What they remembered most vividly, after 81 games, was Larry Bird. A three-pointer by Wes Matthews that also caused an overtime--and a loss--had not been forgotten; neither was blowing a 19-point lead in the fourth quarter and losing, in regulation, to Kansas City. Or being beaten twice in January by cloddish Cleveland, and once by harmless Houston.
Still, after a remarkable season that ended one victory shy of the playoffs, the defeat that most galls most Bullets was that night 16 days ago in Capital Centre, when Bird was absurd. Somehow, he fluttered under Don Collins and put up a 24-footer that went in with two seconds left. The Celtics won by three in overtime.
"I can still see him hit it," said trainer John Lally. "If Bird wasn't such a nice guy, he'd be awfully easy to hate about now."
Now was Sad Saturday.
For the 13th time in 16 games, the Bullets had won, 102-95, over the Detroit Pistons at home. But the back door to the playoffs had been slammed shut when the Hawks beat Milwaukee in Atlanta. Sad Saturday was when The End came before the end. By a day, in fact.
"The only thing worse," a Bullet mumbled, "is we still have to play in Cleveland (last night)."
Until the final bit of hope was tamped, Centre officials had been prompt about posting the Hawks-Bucks partial scores on the cloud-high scoreboards at each end of the arena. If the final number was flashed, though, most of us missed it. All of a sudden there was a blank. No news was bad news.
So the consolation for the Bullets is very likely being the best team in memory not to make the NBA playoffs. When every body was well, the Bullets could beat everybody in the NBA, with the exception of a healthy and inspired Philadelphia 76ers. When they were hurt and out of sync, they could beat nobody.
As in Houston, Golden State and Cleveland twice during a nine-game sour streak that began with the new year. Mathematically, the Bullets were eliminated from the playoffs at 9:28 p.m. Saturday; realistically, they lost out in January.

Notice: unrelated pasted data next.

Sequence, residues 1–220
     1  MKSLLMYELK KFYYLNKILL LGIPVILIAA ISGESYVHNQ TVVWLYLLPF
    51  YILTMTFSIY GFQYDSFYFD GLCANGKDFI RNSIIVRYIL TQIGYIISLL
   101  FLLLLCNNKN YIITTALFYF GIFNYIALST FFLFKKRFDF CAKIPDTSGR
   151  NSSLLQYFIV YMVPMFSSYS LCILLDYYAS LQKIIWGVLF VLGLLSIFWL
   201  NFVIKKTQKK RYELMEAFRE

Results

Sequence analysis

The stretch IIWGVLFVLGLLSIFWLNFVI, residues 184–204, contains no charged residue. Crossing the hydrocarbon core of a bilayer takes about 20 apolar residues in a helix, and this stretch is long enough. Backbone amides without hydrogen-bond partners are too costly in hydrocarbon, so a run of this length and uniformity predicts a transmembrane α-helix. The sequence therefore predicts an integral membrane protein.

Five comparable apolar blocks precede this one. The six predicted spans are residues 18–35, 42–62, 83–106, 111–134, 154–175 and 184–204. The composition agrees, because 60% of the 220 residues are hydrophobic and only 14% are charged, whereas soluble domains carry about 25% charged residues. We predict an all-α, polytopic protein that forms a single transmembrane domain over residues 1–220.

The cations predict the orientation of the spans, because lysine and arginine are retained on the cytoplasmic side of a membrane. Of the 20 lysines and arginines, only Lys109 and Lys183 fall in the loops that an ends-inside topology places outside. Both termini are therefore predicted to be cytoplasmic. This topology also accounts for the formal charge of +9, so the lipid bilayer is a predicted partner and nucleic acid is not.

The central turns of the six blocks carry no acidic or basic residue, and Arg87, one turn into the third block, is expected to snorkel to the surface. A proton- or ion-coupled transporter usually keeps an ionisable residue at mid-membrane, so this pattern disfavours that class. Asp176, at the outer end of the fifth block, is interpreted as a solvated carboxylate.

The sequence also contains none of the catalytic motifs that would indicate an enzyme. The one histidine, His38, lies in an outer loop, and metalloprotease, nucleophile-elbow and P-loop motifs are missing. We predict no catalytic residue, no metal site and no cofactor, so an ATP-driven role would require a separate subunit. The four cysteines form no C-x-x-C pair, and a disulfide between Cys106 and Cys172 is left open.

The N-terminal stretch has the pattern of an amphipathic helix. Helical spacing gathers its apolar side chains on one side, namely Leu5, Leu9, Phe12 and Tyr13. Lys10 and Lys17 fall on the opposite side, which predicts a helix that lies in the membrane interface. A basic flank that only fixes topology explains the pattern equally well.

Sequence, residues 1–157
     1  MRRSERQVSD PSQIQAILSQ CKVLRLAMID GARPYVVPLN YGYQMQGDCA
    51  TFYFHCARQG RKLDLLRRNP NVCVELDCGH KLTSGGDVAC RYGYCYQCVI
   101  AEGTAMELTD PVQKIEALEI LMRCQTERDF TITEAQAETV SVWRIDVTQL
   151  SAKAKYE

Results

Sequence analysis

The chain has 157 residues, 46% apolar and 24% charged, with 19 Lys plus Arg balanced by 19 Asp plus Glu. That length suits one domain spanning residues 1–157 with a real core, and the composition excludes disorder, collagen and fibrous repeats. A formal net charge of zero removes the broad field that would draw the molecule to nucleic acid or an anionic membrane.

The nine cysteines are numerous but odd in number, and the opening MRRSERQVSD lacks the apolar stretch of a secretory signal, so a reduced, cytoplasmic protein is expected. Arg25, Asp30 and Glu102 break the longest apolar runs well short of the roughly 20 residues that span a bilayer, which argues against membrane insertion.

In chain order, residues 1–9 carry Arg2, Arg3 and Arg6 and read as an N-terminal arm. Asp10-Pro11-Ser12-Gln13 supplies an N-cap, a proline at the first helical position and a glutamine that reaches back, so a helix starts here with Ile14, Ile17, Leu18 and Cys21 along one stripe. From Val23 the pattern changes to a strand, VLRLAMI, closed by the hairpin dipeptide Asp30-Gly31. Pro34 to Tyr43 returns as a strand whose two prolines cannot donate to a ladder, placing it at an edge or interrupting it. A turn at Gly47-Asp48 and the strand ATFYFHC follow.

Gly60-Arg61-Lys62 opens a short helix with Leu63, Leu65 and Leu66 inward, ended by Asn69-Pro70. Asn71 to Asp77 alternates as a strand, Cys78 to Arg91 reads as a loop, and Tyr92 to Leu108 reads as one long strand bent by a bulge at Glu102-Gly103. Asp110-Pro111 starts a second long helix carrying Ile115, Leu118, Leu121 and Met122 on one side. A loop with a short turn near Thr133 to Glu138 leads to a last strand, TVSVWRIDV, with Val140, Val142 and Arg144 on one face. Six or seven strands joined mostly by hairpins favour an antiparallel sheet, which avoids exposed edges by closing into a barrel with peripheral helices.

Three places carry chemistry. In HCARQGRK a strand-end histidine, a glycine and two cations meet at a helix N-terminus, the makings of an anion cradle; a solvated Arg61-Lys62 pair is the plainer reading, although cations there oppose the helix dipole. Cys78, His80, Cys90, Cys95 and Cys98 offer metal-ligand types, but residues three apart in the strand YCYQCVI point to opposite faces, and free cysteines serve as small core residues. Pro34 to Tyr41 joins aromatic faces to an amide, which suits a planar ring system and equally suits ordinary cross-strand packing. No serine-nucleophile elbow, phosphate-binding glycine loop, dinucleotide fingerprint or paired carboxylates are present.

"Losing to the weaker teams shows you how weak we really were," Coach Gene Shue said.
He was referring to more than injuries.
"Same players as last year," he continued, "but different chemistry. The attitude wasn't the same (at the beginning of the season). That's a very normal thing. The guys last year achieved a lot, and it was all new and exciting. That made (motivation) harder. Then the injuries made it even harder."
All that made the whoosh down the stretch so much more satisfying.
"Incredible," Shue said. "Much more rewarding than last season, which I said then was incredible. Last year was easy (to coach); this year was absolute work from start to finish. I need a rest. I'm emotionally down."
But not low enough to avoid thinking about the future.
"I'm not one to say that just because we finished strong and competed well against the strong teams that we don't need help," he said. "This doesn't mean there won't be major changes. We definitely need a big player to fit in with (Rick) Mahorn and (Jeff) Ruland. And backcourt help. And a creative-type forward, if possible."
That covers the court. Inside and outside, on the side, the Bullets need dominance and depth.
Ruland's right wrist was throbbing so badly once Saturday after he was fouled that referee Earl Strom ordered a phantom wet spot toweled as a few seconds of relief. Ruland still shot an air ball with his first free throw and clanged the second hard off the back of the rim.
Greg Ballard has been playing with a bad back.
"Injuries are part of the deal," Lally admitted. "Havlicek always said he treated every shot, every rebound, every loose ball like it was the last of his career. Lotta times this year, we didn't do that."
Each year about now, free of charge, I offer Abe Pollin a way to make the Bullets better. Mostly, he has followed other advice. Which still does not deter the notion that Adrian Dantley would be a fine solution to the creative-type-forward problem.
The Bullets have enough draft choices (their own and the Lakers' in the first round and at least two in the second) to drastically alter the team. Send a package to Utah and bring Dantley back home. He would increase season-ticket sales; before his wrist injury, he had been creative enough to get 30 or so points each game for most of the last two seasons.
Like Ruland, Dantley is most comfortable close to the basket. That could be troublesome, except Ruland also had a jump shot at Iona he has yet to dust off regularly with the Bullets. Dantley's defense against larger forwards has not been strong.
But he's exactly what the Bullets lack, a point machine; even better, he's also one of the few stars in the league who would blend into the blue-collar Bullets.